LEWIS ROWLAND

Obituary
  • "A sad day today on learning of LPR's passing. A..."
    - Hope Poulos
  • "Our family will always think of Dr. Rowland as the neighbor..."
    - Sarah Jacob
  • "Bud - and Esther - were among the most welcoming, open..."
  • "The world will miss a great man and excellent physician..."
    - Wendy Abrams
  • "He was a great teacher and inspiration for generations of..."

ROWLAND--Lewis P.

One of America's great neurologists, Lewis P. (Bud) Rowland, MD, died on March 16 after suffering a stroke at age 91. He was cared for expertly and lovingly in the Neuro ICU at Presbyterian Hospital, a unit he had created during his 25 year tenure as chair of the Columbia University Department of Neurology. Rowland helped shape modern neurology as a gifted and compassionate clinician, researcher, teacher, and author. He was a world-renowned expert in ALS and past president of both the American Academy of Neurology and the American Neurological Association. Shortly before he graduated from Brooklyn's Erasmus Hall High School, his parents changed the family name to avoid anti-Semitic quotas. It worked. Rowland attended Yale University and Yale School of Medicine. He played basketball for Erasmus and Yale. He was an avid Dodgers and Knicks fan and always rooted for the underdog. During the McCarthy period, Rowland was fired from the National Institute of Health, NINDS because he had been the past president of the American Association of Interns and Medical Students and an advocate for national health insurance. Ironically, many years later, he wrote the official history of NINDS at their invitation. Although not religious, Rowland was proud of being one of the first Jewish chairs of a clinical department at both UPenn and Columbia Schools of Medicine. He was a strong advocate for providing one- class health care to all. As his colleague Howard Hurtig, MD, wrote, "In his 3 decades of leading two departments of neurology, Rowland imprinted so many talented, aspiring young people with his love of science, devotion to family, humanistic compassion, capacity for moral outrage, and high standards." Rowland was kind to everyone he met and had a warm sense of humor. He and his wife, Esther, shared a 64-year love affair. They traveled the globe and made friends everywhere. In addition to Esther, he adored his brother Ted, his children Andy, Steve and Joy, and his grandchildren, Mikaela, Liam, Cameron, Mariel and Zuri, their partners and two great- grandchildren. He was our hero and role model. Please send donations to the CUMC Department of Neurology c/o Matt Reals: [email protected] in his honor.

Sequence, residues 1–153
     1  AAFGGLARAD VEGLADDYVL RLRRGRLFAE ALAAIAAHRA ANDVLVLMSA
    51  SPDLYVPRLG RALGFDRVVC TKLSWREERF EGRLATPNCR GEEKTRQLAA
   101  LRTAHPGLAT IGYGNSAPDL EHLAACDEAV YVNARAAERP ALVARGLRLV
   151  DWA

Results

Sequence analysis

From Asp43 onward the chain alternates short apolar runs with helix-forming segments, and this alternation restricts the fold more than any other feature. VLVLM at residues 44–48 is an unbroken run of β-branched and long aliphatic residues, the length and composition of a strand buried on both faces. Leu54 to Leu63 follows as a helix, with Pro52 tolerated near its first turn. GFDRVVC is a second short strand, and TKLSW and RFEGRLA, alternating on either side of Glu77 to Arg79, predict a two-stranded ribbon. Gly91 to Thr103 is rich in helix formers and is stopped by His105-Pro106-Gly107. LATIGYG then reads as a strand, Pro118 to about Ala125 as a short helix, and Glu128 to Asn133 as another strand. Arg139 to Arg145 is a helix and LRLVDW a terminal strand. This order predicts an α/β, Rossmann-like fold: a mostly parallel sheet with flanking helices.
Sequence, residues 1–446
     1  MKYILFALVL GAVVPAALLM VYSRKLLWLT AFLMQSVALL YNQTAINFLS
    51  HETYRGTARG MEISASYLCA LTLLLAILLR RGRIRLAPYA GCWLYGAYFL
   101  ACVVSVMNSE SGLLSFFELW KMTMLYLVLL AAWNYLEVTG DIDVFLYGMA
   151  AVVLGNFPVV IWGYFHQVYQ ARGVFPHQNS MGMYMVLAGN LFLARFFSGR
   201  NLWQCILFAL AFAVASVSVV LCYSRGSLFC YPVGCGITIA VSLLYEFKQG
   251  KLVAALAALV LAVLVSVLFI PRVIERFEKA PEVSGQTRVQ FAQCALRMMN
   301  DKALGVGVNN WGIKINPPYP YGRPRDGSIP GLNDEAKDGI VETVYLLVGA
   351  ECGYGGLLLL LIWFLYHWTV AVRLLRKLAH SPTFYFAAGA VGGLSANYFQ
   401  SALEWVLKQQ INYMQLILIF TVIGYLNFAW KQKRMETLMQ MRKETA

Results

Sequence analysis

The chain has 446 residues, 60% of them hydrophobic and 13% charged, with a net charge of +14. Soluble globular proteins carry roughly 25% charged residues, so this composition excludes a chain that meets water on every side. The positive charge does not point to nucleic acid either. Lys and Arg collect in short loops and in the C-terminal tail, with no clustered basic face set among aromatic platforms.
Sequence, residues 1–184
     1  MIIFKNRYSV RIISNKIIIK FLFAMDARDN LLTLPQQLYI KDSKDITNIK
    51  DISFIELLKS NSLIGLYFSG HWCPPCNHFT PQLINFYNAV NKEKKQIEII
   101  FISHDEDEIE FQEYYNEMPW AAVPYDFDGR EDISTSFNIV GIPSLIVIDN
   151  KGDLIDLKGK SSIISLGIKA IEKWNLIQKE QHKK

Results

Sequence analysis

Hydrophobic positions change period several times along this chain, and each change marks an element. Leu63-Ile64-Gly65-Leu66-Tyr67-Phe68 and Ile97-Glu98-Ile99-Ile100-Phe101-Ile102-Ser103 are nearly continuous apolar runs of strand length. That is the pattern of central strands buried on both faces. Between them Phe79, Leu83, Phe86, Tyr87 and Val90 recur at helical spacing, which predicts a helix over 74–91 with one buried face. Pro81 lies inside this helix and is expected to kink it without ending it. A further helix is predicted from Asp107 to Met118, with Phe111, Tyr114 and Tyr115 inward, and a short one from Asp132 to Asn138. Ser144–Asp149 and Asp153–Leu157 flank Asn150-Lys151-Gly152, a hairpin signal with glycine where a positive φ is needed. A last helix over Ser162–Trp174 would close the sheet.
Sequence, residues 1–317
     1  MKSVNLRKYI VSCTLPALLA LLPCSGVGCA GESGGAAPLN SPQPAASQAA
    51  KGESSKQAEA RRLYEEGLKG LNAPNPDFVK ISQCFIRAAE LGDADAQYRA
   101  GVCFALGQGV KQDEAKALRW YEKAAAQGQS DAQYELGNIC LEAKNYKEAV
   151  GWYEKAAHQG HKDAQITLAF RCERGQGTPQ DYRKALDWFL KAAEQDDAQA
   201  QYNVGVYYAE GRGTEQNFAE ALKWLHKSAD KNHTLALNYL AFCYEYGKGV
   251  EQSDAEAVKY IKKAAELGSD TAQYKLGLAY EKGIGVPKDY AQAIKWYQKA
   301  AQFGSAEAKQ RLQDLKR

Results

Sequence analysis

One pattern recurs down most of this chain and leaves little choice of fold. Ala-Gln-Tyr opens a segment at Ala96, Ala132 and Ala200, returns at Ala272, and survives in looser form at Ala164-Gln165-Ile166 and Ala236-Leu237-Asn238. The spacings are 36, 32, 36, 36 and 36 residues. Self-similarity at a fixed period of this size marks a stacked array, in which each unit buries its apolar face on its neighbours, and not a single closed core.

Published in The New York Times on Mar. 19, 2017